• Vinca is nice; sometimes called periwinkle. It’s very common– small shiny dark green leaves with dime-sized pale purple flowers in spring and early summer, and often again in late summer.

    • Phlox is pretty common in DC. It’s also dirt cheap and will creep (make sure you get the creeping variety). A nice variety of colors so you can pick what you like and the flowers last a pretty long time.

  • General Grant Circle

    Pushmower

  • I weed whacked my row house lawn for years and it worked fine. I started out with a push mower, but because I had nowhere inside to store it, it rusted and became worthless. That’s when I started weed whacking.

    • General Grant Circle

      Under back or front porch didnt work?

      • Not all D.C. houses have porches, and some have porches with only a crawl-space-type area underneath — usually covered by wooden lattices or something on the outside.

  • I have a semi-detached house, but have replaced my front lawn with ground cover (mostly periwinkle, since there is a large tree in the yard) with the rest of the yard shrubs, hostas and other perennials.) So the area that I have to mow is the treebox area and a small lawn in the back yard. Initially, I used a reel mower (had it sharpened at a lawnmower store in Bethesda, and later using a kit from Hechingers), but it really didn’t do a good job, and the edges, which are nearly half the area, had to be done by hand. It also was a drag carrying from the back yard, to the front and down the stairs to to treebox area. So what I recommend is a battery-powered string trimmer, the kind where the battery pack is removable. (Before getting one with a battery pack, I used one with a cord, which has its obvious disadvantages.) I have a Black & Decker, and did have to replace the battery pack after a while when it couldn’t hold a charge. It does take some practice holding it evenly so as not to get low or burned out spots, and never looks quite as good as a yard done with a mower, but over the course of the season, I do get better at it. With a small yard, you should be able to get everything done without needing to recharge the battery pack, but when I bought the string trimmer, it did come with two battery packs.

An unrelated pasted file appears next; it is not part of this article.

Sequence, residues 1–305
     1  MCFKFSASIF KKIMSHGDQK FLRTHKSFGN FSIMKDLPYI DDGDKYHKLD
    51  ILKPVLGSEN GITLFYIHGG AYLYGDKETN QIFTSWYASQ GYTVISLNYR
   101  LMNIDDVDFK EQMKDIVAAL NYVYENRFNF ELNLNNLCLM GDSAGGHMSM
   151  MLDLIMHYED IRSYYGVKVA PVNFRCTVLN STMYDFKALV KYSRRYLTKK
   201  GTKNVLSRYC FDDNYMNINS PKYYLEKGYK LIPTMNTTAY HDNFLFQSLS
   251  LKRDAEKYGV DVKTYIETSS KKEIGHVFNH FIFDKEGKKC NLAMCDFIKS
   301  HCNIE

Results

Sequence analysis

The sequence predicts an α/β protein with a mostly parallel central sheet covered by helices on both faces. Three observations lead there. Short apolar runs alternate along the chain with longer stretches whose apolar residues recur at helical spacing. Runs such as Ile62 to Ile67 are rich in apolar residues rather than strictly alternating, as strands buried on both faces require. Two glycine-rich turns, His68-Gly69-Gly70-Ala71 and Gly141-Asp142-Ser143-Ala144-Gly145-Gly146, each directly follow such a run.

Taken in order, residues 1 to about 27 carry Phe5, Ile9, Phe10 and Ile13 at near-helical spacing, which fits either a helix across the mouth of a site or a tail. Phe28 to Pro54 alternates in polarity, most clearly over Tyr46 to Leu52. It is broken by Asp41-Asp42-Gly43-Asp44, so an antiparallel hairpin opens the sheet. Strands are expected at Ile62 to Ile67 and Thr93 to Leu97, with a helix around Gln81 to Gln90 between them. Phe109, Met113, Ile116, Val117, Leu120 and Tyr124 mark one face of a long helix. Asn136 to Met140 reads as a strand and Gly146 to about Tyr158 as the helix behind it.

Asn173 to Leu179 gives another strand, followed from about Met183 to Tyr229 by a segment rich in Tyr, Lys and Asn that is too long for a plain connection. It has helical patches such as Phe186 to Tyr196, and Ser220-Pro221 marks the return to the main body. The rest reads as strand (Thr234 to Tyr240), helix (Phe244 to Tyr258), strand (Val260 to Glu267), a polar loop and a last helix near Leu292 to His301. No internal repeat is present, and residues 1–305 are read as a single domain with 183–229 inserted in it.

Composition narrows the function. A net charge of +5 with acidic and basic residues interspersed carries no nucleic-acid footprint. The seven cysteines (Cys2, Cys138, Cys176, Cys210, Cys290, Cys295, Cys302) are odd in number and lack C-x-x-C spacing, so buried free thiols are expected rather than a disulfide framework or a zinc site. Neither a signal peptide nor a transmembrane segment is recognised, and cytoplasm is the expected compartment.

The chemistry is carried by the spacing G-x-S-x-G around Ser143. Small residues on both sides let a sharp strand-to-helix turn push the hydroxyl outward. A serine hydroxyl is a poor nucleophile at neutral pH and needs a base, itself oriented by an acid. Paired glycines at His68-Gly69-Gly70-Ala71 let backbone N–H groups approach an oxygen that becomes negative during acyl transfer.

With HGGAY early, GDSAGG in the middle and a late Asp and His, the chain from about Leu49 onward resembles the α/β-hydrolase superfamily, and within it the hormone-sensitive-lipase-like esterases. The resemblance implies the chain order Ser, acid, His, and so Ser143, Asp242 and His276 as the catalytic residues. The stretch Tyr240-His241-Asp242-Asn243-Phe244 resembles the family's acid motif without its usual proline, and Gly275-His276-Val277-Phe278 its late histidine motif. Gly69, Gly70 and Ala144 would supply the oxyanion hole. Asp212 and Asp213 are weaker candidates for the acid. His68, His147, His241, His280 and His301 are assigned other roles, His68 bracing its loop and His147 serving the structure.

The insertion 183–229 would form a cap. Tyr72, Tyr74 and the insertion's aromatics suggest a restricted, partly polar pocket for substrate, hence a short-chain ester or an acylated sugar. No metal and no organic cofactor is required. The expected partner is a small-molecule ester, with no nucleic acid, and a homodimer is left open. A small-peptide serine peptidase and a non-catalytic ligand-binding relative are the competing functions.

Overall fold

• We bought a weed whacker for our 10 X 15 patch of grass. We also picked up an attachment that turns it into a lawnmower (basically keeps the whacker level so that it looks even).

    We weren’t impressed with the results (probably mostly user error), and figure its easier to pay the neighborhood lawn guy (it is definitely a thing), $15 to get it done.

    Looks way better, less hassle, better lawn.

  • I’ve kept the grass in my yard for my dog. I’ve cut it with a $30 plug-in electric weed whacker for the last 5+ years. If you let it grow too much it can be a bit of a workout, but otherwise it works great.

  • Probably overkill for the OP’s yard, but I have a small electric mower made by a guy that lives in Columbia Heights (or therabouts in NW). It’s called the Razarsharp minimower. They sell it at some of the ACE hardwares. Kind of pricey, but it’s a local guy, and I’d rather spend in the district. It’s light, but strong and perfect for my corner lot. Had it for a year and I love it. It can struggle in wet grass, but no other issues. There’s a youtube video; if you google minimower, you’ll see it.

  • I just use a weed Wacker. I tried one of the push mowers but if the grass gets too long those don’t work.

  • Hey, this is America! You need a Toro mega-horsepower riding mower with padded seat, cup holder and wi fi.

  • I have this awesome combo weed wacker, edger, and “lawn mower”- it wouldn’t work for anything too large, but it’s perfect for my tiny yard: http://www.homedepot.com/p/BLACK-DECKER-12-in-20-Volt-Max-Lithium-Ion-Electric-Cordless-3-in-1-Trimmer-and-Edger-and-Mower-MTC220/204989204?MERCH=REC-_-PIPHorizontal1_rr-_-204989193-_-204989204-_-N

  • We use a push mower for our small lawn and scissors for the edges.